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Category "information architecture"

 

What Is Strategy Really Worth?

By Nathan Moore
July 30, 2010
 

One of the things we practice at Anthology on a daily basis is strategy. Every decision that we make is intentionally executed to help our clients meet their goals. Websites are no longer just websites; they are marketing tools. Designs are no longer just designs; they are a conduit for effective communication.

It never ceases to amaze me how some companies and organizations think that having a website that was created using a “Website Wizard” will suffice for an online presence. Even when these groups hire a web company, many times, they go for the cheapest option and end up with a horrible template-based design with a logo thrown in the header. These solutions, though cheap, lack the thought and strategy that are crucial to a successful website.

When planning, designing, building, and implementing websites we usually ask two questions with every decision we make:

1. Why are we doing this?
2. What is best for the user and the client’s goals?

The answer to the first question, “Why are we doing this?” forces us to make intentional decisions to benefit the project as a whole. Many times, this also cuts out much of the “fat” that tends to weigh down many websites. If there is no point in having it, we remove it.

The second question, “What is best for the user and the client’s goals?” forces us to act in the best interest of the user and the client. This question arises frequently when we discuss how an interface should flow or what elements we can utilize to strategically draw the users’ attention. The result is an extremely usable website that meets the client’s goals.

However, strategy usually comes at a price. Cheaper solutions that are not driven by strategy are not the best fit for a successful web presence. Everything, from the navigation scheme to the design, needs to be done in an intentional manner to optimize impact and to make your website work for you. Otherwise, it is just wasted web space.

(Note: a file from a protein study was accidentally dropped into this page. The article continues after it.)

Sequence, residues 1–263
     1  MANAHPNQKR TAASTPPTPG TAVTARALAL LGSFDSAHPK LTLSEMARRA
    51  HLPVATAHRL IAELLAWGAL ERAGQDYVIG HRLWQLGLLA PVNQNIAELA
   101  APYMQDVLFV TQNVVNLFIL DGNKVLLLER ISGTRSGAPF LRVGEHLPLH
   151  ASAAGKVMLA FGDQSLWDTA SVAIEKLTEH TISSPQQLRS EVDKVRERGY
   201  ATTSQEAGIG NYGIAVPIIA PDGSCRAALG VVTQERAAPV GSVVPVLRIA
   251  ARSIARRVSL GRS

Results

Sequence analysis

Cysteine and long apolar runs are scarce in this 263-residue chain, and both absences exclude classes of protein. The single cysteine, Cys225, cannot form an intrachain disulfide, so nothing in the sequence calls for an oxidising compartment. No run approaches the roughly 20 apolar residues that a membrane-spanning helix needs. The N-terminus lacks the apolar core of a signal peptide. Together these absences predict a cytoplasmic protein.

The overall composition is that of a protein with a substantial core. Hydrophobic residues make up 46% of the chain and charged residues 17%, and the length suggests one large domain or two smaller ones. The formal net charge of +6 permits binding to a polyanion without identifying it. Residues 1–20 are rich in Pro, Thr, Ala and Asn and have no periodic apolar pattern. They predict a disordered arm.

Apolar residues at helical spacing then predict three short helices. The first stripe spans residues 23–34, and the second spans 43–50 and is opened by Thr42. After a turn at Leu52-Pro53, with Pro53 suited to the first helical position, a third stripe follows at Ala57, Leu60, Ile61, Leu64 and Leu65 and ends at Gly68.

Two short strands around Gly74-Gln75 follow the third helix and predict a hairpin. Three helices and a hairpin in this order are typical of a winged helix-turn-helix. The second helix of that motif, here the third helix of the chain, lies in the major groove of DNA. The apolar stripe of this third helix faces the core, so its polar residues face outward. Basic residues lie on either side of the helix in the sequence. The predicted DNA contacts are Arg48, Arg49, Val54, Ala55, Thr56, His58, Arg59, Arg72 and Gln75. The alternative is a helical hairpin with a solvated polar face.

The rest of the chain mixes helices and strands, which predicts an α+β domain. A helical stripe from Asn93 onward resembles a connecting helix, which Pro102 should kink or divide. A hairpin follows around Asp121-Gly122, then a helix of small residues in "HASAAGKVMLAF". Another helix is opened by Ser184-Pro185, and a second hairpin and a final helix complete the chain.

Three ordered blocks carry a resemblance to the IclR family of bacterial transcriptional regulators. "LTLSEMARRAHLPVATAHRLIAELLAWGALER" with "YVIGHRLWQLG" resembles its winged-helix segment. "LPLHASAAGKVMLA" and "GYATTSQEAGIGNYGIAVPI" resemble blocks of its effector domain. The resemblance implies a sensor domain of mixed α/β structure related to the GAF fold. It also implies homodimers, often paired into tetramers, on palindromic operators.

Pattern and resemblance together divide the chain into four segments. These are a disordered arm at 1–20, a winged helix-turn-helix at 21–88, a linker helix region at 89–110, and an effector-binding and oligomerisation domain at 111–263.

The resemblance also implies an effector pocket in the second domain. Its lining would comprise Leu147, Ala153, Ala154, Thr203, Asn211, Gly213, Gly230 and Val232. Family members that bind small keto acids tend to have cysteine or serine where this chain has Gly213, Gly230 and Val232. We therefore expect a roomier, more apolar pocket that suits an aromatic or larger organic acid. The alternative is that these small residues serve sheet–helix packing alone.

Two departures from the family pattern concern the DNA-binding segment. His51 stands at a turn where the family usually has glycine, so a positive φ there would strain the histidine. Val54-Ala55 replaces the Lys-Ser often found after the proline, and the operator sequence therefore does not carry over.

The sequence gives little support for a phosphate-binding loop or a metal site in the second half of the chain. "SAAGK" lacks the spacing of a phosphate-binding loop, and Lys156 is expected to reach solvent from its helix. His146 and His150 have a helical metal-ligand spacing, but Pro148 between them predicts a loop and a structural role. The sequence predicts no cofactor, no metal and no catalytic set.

Tips To Creating Better Website Navigation

By Nathan Moore
October 07, 2008
 

Navigation should not be taken lightly since it is the most important interfacing utility on your website. Many times, people throw in whatever they think is important on the site. This is almost like going to the fridge and throwing together everything you like into one salad - it is just not effective and will probably leave a bad taste in your mouth.

1. Think

Navigation should be thought through carefully. When considering the top level navigation, it is usually better to cut out options than add them. Sit down with a pen and paper and map out each section and page that needs to be in the navigation (notice I did not say “that you want to be in the navigation”).

2. Prioritize

This fits hand-in-hand with the first tip. Determine the options in which your user will be most interested. What are the sections most used on your site? How do users flow through your site? Do they check one section first, then another? How can you arrange the navigation and options to improve the user experience?

3. Group

Try to group items into logical contexts. If it does not fit in the group, then it needs to go somewhere else. Many links live perfectly fine in the footer. Don’t think that every single section/link/page needs to be in the main navigation cascade.

4. Optimize

More times than not, the first stab at a navigation is not the most effective. Analyze your traffic flows and adjust accordingly. If you find that your users are not clicking on the “About Us” page, then it may be better to link to this page in the footer. You goal is to create the best navigation interface possible for the user. Give them what they need to make browsing the site most effective.

 
 

Information Architecture: Evaluate, Decipher, and Organize


June 17, 2008
 

There are many times in our lives that we look around and find ourselves overwhelmed. Occasionally those moments for me are when I am confronted with a lot of information at once. When these moments happen I tend to be reading directions or filling out forms.

Businesses spend so much of their focus on getting people to purchase their products but drop the ball when it comes to helping those customers use their products. Directions seems to be only an afterthought or at the most, minimally considered. There has to be a meeting of minds between businesses and designers about who needs to structure this information. While business should always keep their bottom line in mind, it benefits them to know their limitations. A good designer should be able to evaluate information given to them and decipher how to organize it so that users can follow it with ease.

We, as designers, need to remember that while creating posters and cd covers may be more fun than designing forms and directions, we have an opportunity to change tasks as frustrating as filling out forms and assembling furniture into an easy experience that people can walk away from with a smile. The tasks of a designer are expanding now more than ever. There needs to be an emphasis of the fact that the most successful designs are created with the smallest details in mind and to accomplish that you need a designer.